Imagine following in Harold’s footsteps to walk along the same Roman roads and ancient ridgeways, through the great forest of the Andreasweald, crossing rivers and valleys, to pause at the old hoar apple tree on Caldbec Hill and look out over the battle field at Senlac Hill, now the site of Battle Abbey.

The road from Westminster to London Bridge would have followed the high ground of The Strand. There was possibly a second crossing, a causeway or ferry at Thorney Island where the new Westminster Abbey had been built next to the Palace. This link to Watling Street would have been across the marshy south bank of the Thames and it seems likely that Harold would have taken the high ground if only to gather support from the City.

The River Thames was lined with safe havens for shipping of all sizes, the safest of which were the inlets of rivers that flowed into the Thames and we pass Billingsgate, Dowgate and Queenhithe remnants of London’s wharves.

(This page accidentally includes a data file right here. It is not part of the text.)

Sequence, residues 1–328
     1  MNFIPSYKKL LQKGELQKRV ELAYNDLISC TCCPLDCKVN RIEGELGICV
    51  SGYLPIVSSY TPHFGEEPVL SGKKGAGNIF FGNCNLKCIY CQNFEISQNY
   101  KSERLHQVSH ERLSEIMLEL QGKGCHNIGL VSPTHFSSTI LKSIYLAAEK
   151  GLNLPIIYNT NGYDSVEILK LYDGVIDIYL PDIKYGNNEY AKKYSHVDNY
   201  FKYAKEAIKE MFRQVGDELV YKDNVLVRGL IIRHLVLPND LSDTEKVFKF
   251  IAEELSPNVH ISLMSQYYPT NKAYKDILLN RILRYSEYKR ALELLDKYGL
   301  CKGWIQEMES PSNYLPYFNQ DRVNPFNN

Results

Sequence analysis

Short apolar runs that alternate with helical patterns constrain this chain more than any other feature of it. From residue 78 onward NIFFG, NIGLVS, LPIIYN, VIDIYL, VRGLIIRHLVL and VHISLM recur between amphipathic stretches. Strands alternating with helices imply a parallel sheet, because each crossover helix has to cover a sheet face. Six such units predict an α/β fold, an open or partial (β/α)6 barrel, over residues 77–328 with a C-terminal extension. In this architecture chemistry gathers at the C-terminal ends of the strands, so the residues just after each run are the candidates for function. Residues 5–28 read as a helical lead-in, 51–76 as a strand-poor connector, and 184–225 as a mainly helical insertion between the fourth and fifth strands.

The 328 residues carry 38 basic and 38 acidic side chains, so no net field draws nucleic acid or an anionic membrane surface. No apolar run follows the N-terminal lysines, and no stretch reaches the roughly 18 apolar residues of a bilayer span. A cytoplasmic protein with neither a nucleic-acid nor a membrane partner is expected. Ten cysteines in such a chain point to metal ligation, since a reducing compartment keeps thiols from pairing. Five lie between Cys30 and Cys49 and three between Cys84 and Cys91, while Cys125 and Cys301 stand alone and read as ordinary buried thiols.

In Saxon times, the wooden London Bridge was still firmly linked to the old Roman road network and especially with Watling Street, the road to Canterbury and Dover along which Harold and his army are most likely to have marched to Rochester.

Today, the Embankment and the Thames path provide an easier walk to Greenwich with a pint at The Mayflower at about the halfway mark or The Dog and Bell a little later on. What could be better on a glorious but cold January day.

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Website:                 http://www.1066haroldsway.co.uk/

CAMRA WhatPubhttps://whatpub.com/